“No,” Johnny responded simply. He gave a wry smile, which seemed oddly out of place on his bloodstained face. The smile faltered and died. “Broke both my wrists,” he explained.
They were trapped, Roy thought, panic overwhelming him for an instant. Neither of them could reach the radio, assuming it still worked. The microphone lay on the floor, anyway. What were they going to do?
“Roy? John?” Hank Stanley’s appearance at Roy’s window startled the senior paramedic and he flinched, wincing in pain as his ribs protested the movement. “Are you two all right?”
“Johnny’s trapped and seriously hurt, Cap,” Roy replied. “We need to get him out of here.”
“Help’s on the way, Roy,” Hank assured him. “Just stay calm.” He glanced across at Johnny, trying to control his expression. “John, how are ya doin’, pal?”
“I’ll just… sit tight,” he responded, trying valiantly to make his captain laugh. Hank chuckled dutifully. There wasn’t much humor in the sound, but he was reassured that Gage was trying to joke with him.
“Where are the others?” Roy asked, belatedly realizing that there was no sound of rescue. “Cap?” Roy peered closer, noticing for the first time that his vision was a bit blurry. Concussion, he thought. “You don’t look too good.”
“I’m all right,” Hank replied, brushing off Roy’s concerns. In truth, he didn’t feel good at all. His head was thumping and his ribs were agony. “The engine hit the squad. The others were knocked about a bit, but they’ll be all right. Help is on the way. Just sit tight.” Hank wished there was more he could do for his men.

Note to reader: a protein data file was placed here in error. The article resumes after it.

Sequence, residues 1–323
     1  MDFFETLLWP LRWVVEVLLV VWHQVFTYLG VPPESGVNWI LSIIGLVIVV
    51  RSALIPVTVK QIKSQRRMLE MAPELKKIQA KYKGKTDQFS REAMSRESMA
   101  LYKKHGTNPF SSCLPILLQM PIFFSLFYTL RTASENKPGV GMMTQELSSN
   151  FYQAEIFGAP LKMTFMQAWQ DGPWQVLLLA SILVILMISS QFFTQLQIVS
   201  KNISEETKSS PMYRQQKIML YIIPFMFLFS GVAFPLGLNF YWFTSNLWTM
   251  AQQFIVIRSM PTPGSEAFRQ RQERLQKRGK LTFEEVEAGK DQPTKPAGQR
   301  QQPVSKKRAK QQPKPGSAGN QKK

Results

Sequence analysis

In the distance, they could hear sirens drawing nearer.
Station 110s was first on the scene, closely followed by Officer Vince Howard, who quickly started to direct the traffic. Gil Sheppard, Johnny’s friend, was pulling overtime with 110s that day and he was the first to arrive by the damaged squad. “Now, what have we here?” he asked jovially, trying to keep the horror off his face.
“We need to get Johnny out,” Roy replied. He had been watching his partner and was worried by Johnny’s silence. The younger man didn’t have enough breath to talk. He grunted whenever Roy said his name, but beyond that, he concentrated his efforts on simply breathing.
“We need to get you out first,” Gil chided him. “You’re between me and Johnny.” He reached into the squad and took Roy’s pulse. “I need a pry bar here,” he called over his shoulder. “A couple of c-collars, two backboards, O2 and the jaws.”
“Good assessment,” Roy commented. “I’m a bit shocky,” he added, as a wave of dizziness overtook him.
“Could you just let me be the paramedic here?” Gil enquired, good-naturedly, but Roy took the hint.
As one of Gil’s crewmates arrived with the pry bar, another squad pulled up and Brice and Bellingham hurried over out of Roy’s sight behind the damaged squad. “Is the engine crew okay?” Roy asked, concerned.
“I don’t know,” Gil responded, as the door finally popped open. “I’m here helping you two.” He fitted the collar around Roy’s neck and he and his partner smoothly eased the injured paramedic out of the squad. Moments later, Gil slid in behind the wheel and reached for Johnny’s pulse. “How you doing, buddy?” he asked.
“Can’t… breathe,” Johnny gasped. “Seatbelt.”